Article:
From Kyoto to Glasgow: is Japan a climate leader?

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The term ‘climate leadership’ became popular in the 1990s, in relation to international negotiations aimed at reducing greenhouse gas emissions and other environmental mitigations. Since that time, international attention – borne out by scientific study and a rapidly changing planetary climate - has shifted from global warming, the ozone layer and greenhouse gas emissions, to energy production, scientific innovation, and, by the 2020s, a strong focus on decarbonisation and securing net zero carbon output by the middle of the century. One important strand of negotiation has been the annual Conferences of the Parties (COP) to the United Nations Framework Convention on Climate Change (UNFCCC), which has witnessed different states playing lead roles at different times. By interrogating the main academic debates about climate leadership, this article examines Japan’s participation in the COP process along a structural-normative axis. In so doing, it charts the path from Japan’s apparent success at Kyoto in 1997 and its growing green reputation, to its subsequent ‘fall from green’ in later years and in the wake of COP26 in 2021.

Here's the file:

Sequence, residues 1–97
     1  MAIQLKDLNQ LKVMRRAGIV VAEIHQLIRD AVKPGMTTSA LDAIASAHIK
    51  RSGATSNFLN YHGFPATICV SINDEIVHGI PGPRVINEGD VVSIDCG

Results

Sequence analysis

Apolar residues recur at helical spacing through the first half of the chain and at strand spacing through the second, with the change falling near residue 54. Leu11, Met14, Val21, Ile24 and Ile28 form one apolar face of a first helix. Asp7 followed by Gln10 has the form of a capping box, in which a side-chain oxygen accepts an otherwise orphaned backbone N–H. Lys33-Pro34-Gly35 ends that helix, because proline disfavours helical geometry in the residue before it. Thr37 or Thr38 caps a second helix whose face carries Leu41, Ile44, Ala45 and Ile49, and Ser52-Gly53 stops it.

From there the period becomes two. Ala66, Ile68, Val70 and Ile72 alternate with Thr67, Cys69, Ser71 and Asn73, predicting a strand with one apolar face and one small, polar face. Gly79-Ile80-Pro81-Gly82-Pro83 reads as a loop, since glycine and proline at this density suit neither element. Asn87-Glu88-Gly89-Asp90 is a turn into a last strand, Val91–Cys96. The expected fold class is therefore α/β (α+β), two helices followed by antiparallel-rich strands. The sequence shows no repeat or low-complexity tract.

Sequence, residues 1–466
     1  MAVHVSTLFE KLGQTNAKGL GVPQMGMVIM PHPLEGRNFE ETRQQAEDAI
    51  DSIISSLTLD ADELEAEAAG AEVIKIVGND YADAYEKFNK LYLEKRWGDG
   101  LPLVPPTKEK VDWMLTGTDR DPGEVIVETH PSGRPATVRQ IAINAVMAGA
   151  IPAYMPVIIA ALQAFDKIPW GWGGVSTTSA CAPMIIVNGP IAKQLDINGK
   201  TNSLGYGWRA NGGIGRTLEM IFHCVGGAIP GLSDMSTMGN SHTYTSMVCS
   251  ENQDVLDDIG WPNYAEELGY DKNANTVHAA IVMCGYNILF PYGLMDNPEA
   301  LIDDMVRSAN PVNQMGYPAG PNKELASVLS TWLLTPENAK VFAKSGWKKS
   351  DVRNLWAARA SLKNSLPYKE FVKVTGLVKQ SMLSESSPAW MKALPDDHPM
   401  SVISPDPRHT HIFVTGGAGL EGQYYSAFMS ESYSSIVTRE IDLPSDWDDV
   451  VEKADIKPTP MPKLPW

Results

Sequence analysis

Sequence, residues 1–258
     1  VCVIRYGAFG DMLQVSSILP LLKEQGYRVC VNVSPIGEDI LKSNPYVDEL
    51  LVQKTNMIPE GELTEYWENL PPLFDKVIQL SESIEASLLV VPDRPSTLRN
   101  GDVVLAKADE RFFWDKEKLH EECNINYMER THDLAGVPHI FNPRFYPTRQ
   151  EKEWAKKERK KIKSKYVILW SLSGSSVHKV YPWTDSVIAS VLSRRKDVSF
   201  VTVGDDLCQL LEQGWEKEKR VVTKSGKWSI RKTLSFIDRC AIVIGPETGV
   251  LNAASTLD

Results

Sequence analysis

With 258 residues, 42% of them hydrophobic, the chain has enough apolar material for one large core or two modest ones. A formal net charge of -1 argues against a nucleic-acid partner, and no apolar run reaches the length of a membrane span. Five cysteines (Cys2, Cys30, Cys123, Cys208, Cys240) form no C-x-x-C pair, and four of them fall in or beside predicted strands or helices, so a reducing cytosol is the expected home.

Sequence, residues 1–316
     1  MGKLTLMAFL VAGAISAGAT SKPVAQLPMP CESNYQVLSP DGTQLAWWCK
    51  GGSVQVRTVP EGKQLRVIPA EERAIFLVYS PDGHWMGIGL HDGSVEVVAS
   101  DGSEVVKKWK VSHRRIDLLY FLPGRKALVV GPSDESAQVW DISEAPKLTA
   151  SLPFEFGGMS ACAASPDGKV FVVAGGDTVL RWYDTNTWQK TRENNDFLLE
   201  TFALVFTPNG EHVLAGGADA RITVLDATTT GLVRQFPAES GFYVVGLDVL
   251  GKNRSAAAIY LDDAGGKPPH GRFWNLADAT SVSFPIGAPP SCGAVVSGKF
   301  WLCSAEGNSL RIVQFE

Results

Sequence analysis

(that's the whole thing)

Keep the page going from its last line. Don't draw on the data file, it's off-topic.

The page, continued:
Original languageEnglish
Number of pages33
JournalPacific Review
Publication statusPublished - 25 Nov 2021


  • Conference of the Parties (COP)
  • Japan
  • Kyoto Protocol
  • climate change
  • leadership


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